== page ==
Further analyses via blocked alignments followed by the creation of phylogenies for each block confirmed the close relationships among the Paenibacillus spp. (Supplementary Figure S2). Only isolates which represented scaffolds that consistently aligned to the ClWae2A genome were utilized for the analyses. Specifically, ClWae2A aligned to closely related isolates such as the P. amylolyticus strain SQR-21 (GenBank accession CP107037.1), which is reportedly associated with helping wheat resist drought. The P. xylanexedens strain PAMC 22703, is a xylan-degrading bacterium (GenBank accession CP018620.1), and the Paenibacillus sp. OVF10 (GenBank accession CP094668.1) reported in the GenBank file was isolated from a medicinal plant. The phylogeny bootstrap confidence intervals were 83% or greater (Supplementary Figure S2), and all the reported closely related isolates in GenBank have genome lengths that are similar to ClWae2A. However, none of the isolates were reported to have been isolated from animals, as reported in the GenBank files.

4. Discussion

The domestication of dogs includes their adaptation to processed feed high in carbohydrates that include cereal grains. This has resulted in the GI tracts of domestic dogs having microbiota which now more support polysaccharide metabolism [39]. Moreover, even when switched to a raw meat diet, a dog’s fecal microbiota only partially resembles that of a wolf [40]. Since the gut microbiomes of captive wolves may adapt to become more similar to domestic dogs [41,42], it makes sense to obtain new probiotics from free-ranging species to replace microbiota lost due to domestication. Consequently, free-ranging species, in this case, the gray wolf, could be utilized as a source of new bacterial species that might be used as probiotics in domestic animals such as the dog.
Paenibacillus-expressed antimicrobials include antibacterials and antifungals that have applications in both human and veterinary medicine. Importantly these bacteria also express exo-polysaccharides (EPS) and enzymes such as amylases, cellulases, hemicellulases, lipases, pectinases and lignin-modifying enzymes that can be used as feed additives [43]. The most commonly known Paenibacillus sp. that produces known antimicrobials such as the lipopeptide polymyxin, fusaricidins, paenilipoheptin, paenilan and tridecaptin is P. polymyxa [44]. For monogastric animals, a P. xylanexedens strain reportedly improved broiler performance by impacting intestinal morphology, enhanced the overall immune response and reduced E. coli in the cecum [45]. Also, a P. konkukensis sp., nov. SK3146, has been proposed as a probiotic for swine [46]. For example, other Paenibacillus spp. that produce antimicrobials [47,48,49] or degrade complex carbohydrates [50,51] have been isolated from environmental or plant sources.
Herein, we report a Paenibacillus sp. we designated ClWae2A, wolf aerobe 2A, due to its isolation from a gray wolf (Canis lupus), hence the Cl moniker. Its genome size is similar to other closely related Paenibacillus spp. and encodes genes such as those synthesizing antimicrobials, including bacteriocins, lantibiotics, amidases and chitinase. Other genes encode enzymes that would be of value in digesting carbohydrates and could contribute to energy metabolism for a monogastric animal. These are important functional attributes of a probiotic for potential use in companion animals such as dogs [52], especially since dogs have adapted to a starch-rich diet [53].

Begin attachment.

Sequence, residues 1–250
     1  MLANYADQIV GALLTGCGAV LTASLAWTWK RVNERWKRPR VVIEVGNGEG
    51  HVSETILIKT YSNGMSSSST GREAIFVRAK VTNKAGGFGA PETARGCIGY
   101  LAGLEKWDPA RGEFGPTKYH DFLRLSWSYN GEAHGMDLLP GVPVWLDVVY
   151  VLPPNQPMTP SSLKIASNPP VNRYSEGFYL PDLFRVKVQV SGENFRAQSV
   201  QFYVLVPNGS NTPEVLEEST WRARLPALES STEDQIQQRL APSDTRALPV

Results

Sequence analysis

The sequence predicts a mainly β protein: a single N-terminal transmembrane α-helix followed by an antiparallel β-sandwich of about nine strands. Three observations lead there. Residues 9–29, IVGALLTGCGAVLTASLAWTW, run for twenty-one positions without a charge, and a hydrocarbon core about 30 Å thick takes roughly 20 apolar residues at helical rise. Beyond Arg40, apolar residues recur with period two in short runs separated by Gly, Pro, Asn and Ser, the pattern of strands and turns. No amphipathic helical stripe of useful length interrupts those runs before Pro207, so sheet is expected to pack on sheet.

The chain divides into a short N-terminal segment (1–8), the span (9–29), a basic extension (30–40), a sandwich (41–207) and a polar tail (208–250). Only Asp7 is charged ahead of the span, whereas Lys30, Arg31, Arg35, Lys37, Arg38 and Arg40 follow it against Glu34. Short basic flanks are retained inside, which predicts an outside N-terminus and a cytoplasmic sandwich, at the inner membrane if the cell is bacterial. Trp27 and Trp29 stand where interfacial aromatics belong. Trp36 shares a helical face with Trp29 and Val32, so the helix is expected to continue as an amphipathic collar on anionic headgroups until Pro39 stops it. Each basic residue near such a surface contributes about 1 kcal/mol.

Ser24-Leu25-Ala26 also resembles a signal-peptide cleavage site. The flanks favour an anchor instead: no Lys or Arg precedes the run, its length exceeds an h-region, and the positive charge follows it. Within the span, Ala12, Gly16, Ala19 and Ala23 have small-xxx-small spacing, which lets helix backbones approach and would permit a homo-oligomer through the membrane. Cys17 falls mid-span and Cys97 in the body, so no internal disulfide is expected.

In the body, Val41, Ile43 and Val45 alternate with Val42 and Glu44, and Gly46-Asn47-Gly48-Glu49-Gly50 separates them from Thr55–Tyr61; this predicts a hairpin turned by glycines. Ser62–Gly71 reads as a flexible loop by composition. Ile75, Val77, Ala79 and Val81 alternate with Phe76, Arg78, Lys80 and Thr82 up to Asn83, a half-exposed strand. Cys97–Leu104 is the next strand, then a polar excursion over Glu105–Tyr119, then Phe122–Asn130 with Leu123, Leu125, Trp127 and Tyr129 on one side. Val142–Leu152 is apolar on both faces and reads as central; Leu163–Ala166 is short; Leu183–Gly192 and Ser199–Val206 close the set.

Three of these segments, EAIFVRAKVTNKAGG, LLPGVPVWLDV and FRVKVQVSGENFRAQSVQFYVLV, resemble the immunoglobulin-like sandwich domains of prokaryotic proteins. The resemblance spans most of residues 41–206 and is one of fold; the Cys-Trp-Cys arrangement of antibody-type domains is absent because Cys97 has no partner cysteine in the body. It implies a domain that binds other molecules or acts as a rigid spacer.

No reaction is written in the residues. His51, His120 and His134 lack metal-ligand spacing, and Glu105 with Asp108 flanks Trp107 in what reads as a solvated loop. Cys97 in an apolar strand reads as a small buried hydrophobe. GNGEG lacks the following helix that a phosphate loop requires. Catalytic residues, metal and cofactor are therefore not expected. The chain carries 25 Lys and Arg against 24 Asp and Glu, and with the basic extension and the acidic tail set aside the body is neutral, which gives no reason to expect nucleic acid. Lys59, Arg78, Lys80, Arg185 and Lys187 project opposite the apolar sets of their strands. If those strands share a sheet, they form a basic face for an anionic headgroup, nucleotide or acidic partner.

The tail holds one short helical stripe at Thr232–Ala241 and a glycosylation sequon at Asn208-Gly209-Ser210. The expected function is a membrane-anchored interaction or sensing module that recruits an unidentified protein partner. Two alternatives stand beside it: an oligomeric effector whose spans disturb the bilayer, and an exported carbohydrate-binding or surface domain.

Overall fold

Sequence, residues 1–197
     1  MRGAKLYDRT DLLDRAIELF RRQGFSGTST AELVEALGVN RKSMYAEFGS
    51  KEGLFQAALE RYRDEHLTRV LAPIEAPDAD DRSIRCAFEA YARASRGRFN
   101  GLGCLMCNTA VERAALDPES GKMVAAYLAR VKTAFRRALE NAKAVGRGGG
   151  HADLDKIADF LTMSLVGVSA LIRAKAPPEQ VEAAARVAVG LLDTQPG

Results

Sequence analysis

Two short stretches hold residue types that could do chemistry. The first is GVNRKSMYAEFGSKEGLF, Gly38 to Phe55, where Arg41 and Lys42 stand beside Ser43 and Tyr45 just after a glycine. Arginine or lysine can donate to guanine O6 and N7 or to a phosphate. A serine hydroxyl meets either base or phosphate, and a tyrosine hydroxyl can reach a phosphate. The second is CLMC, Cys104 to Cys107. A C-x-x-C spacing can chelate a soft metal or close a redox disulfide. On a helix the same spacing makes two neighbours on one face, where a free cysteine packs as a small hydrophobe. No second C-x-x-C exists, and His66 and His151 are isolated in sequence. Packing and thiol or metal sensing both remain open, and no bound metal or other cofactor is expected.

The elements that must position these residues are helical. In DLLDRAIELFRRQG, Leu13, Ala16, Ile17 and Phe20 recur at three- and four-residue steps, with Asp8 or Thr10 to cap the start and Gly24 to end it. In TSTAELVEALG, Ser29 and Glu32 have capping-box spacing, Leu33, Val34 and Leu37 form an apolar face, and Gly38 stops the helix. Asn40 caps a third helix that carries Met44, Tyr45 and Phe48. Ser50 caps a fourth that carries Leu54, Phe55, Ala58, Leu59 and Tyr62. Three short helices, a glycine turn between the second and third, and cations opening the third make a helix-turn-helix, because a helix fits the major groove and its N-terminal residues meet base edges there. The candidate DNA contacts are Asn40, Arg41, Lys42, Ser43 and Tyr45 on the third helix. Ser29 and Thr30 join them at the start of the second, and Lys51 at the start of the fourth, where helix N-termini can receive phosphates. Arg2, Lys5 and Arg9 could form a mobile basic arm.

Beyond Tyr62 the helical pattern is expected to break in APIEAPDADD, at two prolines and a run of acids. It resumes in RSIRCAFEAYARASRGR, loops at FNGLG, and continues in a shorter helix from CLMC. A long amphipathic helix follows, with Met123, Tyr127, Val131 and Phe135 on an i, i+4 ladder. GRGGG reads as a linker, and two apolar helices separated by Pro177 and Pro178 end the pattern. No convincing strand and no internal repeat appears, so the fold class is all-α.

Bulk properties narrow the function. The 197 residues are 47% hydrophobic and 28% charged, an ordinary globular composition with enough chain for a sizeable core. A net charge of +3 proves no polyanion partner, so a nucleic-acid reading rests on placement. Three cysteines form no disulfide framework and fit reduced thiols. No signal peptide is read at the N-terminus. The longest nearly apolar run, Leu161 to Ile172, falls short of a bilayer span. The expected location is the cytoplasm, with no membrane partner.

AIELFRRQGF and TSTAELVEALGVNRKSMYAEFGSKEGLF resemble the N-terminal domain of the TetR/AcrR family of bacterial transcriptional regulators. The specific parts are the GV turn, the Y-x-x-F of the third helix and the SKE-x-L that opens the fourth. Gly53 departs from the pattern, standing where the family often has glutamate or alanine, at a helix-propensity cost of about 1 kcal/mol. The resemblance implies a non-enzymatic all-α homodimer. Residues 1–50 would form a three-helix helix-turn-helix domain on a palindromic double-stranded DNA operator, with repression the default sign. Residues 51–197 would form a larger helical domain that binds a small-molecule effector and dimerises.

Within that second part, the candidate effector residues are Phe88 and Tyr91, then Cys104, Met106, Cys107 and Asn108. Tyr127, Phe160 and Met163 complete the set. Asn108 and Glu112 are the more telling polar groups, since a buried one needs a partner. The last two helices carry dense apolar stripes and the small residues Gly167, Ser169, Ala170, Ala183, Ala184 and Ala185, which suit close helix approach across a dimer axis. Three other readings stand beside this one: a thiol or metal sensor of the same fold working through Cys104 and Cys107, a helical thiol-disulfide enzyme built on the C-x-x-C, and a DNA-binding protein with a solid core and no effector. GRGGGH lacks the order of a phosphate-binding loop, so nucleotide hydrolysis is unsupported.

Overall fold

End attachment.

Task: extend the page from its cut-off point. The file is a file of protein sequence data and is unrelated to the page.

Prebiotics, probiotics, synbiotics and postbiotic compounds have all been proposed as treatments for IBD in humans [54], and the same can be stated for dogs [1,2,3]. Consequently, it is important to move toward a more precise delineation of bacterial probiotics to address the heterogeneity inherent to many probiotic strains [55]. The importance of whole genome sequencing (WGS), which enables the determination of virulence, toxin and antibiotic-resistance genes, as well as the clear assignment of species and strain identity [54,55], is important to help find new probiotic treatments for cIBD.

5. Conclusions

To meet the objective of characterizing potential new probiotics for dogs, we completed a draft WGS on a new wolf GI tract bacterial isolate characterized as a Paenibacillus sp. The bacterium inhibits the growth of other bacteria such as Staphylococcus aureus and encodes enzymes capable of digesting complex carbohydrates along with other gene systems expressing antimicrobials, thus indicating that this bacterial isolate could be a potential useful probiotic for domestic dogs.

Supplementary Materials

The following supporting information can be downloaded at:, Figure S1: Phenotypic Characterizations of Paenibacillus sp. ClWae2A; Figure S2: Blocked alignment followed by phylogenies for each block [56]; Table S1: JGI IMG Genome Annotation. Table S2: Functional Genes Categories.

Author Contributions

Conceptualization, B.S.S. and P.N.B.; methodology, J.M., J.L.B., C.C.K., M.J., A.N.A., T.W.C., A.D., M.G., K.M., N.A.B., H.M.B., M.R.A., R.B. and P.N.B.; software, J.L.B., J.M., M.J., C.C.K., K.M.S., B.S.S. and E.S.F.; validation, B.S.S. and P.N.B.; formal analysis, J.M., J.L.B., C.C.K., M.J., A.N.A., T.W.C., A.D., M.G., K.M., N.A.B. and B.S.S.; Data curation, J.L.B., J.M., M.J., C.C.K. and B.S.S.; Writing—original draft preparation, B.S.S.; Review and editing, J.M., J.L.B., C.C.K., M.J., P.N.B., E.S.F. and B.S.S.; Supervision and Project Administration, P.N.B., E.S.F. and B.S.S.; Funding acquisition, B.S.S., P.N.B. and E.S.F. All authors have read and agreed to the published version of the manuscript. NOTE: J.M., J.L.B., C.C.K. and M.J. all contributed equally to the preparation of this manuscript.